Saturday, March 24, 2012
But then I experienced something that perhaps Richard Bach had at one time experienced as well; a problem that couldn't be solved, one that couldn't be fixed--at least not in anyway that would feel entirely satisfying. Swimming in the mire of the in-between I was unable to reach either shore--the one where I stood before the levy broke and the one ahead of me that would provide me some sturdy foundation with which to stand upon again.. The exhaustion, the constant thinking, the anger, the sorrow, the bewilderment dangled from me like iron anchors and pulled me into the deep, dark abyss. I was drowning.
One night, while in full self-pitying mode, I decided to distract the running reel of "woe is me" by visiting Pinterest. (If you don't know what that is...I will warn you that it is HIGHLY addictive, but please do visit. Of course, visit AFTER you read today's post.) While working on my "Quote" board (so very original...I know) I came across Richard's quote. It stopped me in my tracks. My immediate reaction was scoffing, eye rolling, throaty grunts, but then...but then....something made me stop. Something made me read it again, and again, and then once more. Something made me look at each word strung together like a strand of Christmas lights, and in a moment of illumination it occurred to me that perhaps--perhaps--I could begin to look within my current conundrum for the gift it might be offering me.
Starting the next morning, I began to live differently. The problem didn't go away (it still hasn't), but what did go away was some of the anger, the helplessness, the groping-around-in-the-dark-for-a-path kind of blindness. It was replaced by a curiosity. If this Bach fellow was right, then somewhere, somehow, some gift would reveal itself through the chaos, above the noise, around the walls built high. The search was in itself a distraction from the wallowing, however, the gift didn't reveal itself right away.
As it turns out this gift, my problem's gift, had been here right from the beginning, but I was too overwhelmed with despair to recognize it, to greet it, to experience it. I am thankful to Richard Bach and his wise words that I was able to open my heart's door to welcome it. It finally became obvious to me in the midst of a compassionate "talking-to" by a long time friend. She had come into my classroom to drop off a letter of recommendation that I had asked her to write and to inquire about my state of mind. She heard--through the grapevine--of the things that had been heaped upon my family plate as of late. I tearfully recalled details and answered her questions, and then after listening to each word, she showed her typical tenderheartedness and declared that she was sure that I'd feel better if I could just go on a well-needed vacation. In the next breath, she mercifully offered her parents' condo in Florida for a place of respite. I was stunned, silenced, humbled by her kindness and friendship, and it was then that my dilemma's gift dropped out of the sky and clunked me over the head. My offering? The realization that throughout this whole ordeal, I wasn't alone.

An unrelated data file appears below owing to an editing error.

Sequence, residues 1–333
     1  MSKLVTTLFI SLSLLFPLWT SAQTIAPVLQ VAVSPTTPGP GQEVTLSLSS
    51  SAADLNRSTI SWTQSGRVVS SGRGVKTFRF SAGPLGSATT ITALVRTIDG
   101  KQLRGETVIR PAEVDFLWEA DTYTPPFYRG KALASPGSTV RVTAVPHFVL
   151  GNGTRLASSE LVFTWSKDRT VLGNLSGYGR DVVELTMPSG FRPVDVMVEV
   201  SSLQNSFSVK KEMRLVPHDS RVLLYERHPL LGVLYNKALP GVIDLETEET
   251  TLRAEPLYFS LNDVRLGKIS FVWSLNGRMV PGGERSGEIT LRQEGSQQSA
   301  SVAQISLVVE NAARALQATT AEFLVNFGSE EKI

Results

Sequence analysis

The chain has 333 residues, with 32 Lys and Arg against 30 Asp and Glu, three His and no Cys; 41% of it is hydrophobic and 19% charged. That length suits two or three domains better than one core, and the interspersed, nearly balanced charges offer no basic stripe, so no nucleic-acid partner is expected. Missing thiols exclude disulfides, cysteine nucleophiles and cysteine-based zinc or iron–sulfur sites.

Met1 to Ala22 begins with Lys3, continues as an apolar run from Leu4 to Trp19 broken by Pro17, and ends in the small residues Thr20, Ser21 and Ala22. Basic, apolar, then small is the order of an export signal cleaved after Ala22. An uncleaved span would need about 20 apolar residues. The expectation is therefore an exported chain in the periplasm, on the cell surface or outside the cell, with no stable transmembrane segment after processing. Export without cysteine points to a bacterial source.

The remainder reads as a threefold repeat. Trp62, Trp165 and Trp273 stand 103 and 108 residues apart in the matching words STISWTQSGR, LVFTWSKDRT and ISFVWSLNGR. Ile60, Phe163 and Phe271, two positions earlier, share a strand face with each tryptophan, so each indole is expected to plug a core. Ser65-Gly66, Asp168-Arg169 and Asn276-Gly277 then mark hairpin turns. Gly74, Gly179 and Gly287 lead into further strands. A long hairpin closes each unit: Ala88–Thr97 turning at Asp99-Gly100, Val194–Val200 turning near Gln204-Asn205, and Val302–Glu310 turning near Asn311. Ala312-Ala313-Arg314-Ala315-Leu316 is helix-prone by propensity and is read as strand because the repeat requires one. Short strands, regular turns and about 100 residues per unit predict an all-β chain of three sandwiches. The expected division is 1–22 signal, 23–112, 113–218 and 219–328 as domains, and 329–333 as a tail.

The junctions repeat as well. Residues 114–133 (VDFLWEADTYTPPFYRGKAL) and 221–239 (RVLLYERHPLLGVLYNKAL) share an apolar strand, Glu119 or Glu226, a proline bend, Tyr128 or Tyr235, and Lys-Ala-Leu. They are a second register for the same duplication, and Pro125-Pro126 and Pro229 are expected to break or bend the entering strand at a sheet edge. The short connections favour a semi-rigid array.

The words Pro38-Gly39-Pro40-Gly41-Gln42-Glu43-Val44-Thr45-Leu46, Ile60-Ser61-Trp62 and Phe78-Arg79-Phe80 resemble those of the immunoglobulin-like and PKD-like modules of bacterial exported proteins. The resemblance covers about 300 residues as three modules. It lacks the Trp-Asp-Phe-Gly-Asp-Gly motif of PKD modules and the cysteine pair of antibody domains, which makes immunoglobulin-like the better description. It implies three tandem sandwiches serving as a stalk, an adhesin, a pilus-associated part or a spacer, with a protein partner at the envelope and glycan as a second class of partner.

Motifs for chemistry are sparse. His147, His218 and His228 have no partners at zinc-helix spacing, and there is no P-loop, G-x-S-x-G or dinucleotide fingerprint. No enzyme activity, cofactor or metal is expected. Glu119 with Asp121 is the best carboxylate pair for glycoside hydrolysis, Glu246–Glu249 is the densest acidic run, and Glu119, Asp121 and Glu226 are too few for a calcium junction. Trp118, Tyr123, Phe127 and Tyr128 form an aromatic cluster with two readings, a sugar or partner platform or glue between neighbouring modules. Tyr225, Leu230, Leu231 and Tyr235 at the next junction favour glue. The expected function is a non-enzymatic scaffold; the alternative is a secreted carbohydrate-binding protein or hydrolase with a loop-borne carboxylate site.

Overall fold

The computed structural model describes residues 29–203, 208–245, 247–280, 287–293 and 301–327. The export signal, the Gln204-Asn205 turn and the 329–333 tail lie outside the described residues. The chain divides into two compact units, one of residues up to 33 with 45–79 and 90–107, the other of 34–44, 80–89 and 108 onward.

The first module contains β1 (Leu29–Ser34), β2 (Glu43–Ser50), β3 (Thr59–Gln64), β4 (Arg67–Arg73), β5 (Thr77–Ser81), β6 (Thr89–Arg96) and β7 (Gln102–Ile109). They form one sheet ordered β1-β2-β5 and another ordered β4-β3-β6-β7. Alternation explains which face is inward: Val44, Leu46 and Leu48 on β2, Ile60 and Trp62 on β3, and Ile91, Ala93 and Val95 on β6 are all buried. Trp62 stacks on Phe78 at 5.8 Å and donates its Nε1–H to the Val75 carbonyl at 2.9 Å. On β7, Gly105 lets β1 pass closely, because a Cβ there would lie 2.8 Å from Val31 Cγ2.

Problems have been plentiful these last few years. That goes without saying, and I knew from experience that even the best people have a limit for the amount of times they listen, commiserate, dispense advice or prop up. I mean there's a reason that nobody is Eeyore's BEST friend in those Winnie the Pooh stories. So even before this latest round of rain, I had vowed to be more positive, to enjoy life in moments-moment by moment. So when the bomb dropped here a few months ago, I was determined to speak very little of it except to perhaps a couple of my nearest, dearest and most trusted. I would face the latest a solitary figure.
But despite my silence--despite my solitude--companionship, empathy, love came. They came. They came. I was not alone, in spite of the problem plague I had been living through. I was not alone.
I was not alone when that friend took pity upon me and offered me an escape, but there were so many other times in which that gift played out over and over and over. I was not alone when a friend in California was willing to "chat" with me for strung-together hours, even in the midst of studying for the Bar. I was not alone when he offered several solutions to ease my worry and dread. I was not alone when out of the blue I'd receive a motivational essay from a favorite website in an email from a woman hundreds of miles away who has become a kindred spirit. I was not alone when strangers, STRANGERS! heard of my plight and offered me unnecessary benevolence. I was not alone when a friend messaged "I'll be here when you are ready. Ok?" Or the next day when a new message came from the same person simply stating, "Hope you are doing ok." I was not alone, never alone, when the closest, most trusted and dear woman in my life hugged me close and whispered that we'd take on this problem together. No matter what happened, I'd have her. I was not alone.
I was not alone. I am not alone. This problem, this mystifying mess, as difficult as it seems, as heavy as it is draped across my shoulders and across my back has offered to me a truly transcendent treasure: the gift of knowing that I am worthy of love no matter the situation, no matter my mistakes, no matter how many times I ask and even when I don't--there are people who will be there. I am loved. I am not alone. And dear readers neither are you. What are the problems that you are facing? Please remember, no matter how complicated no matter how hopeless, that problem "holds a gift for you in it's hand." Go on, do yourself a favor...Open it.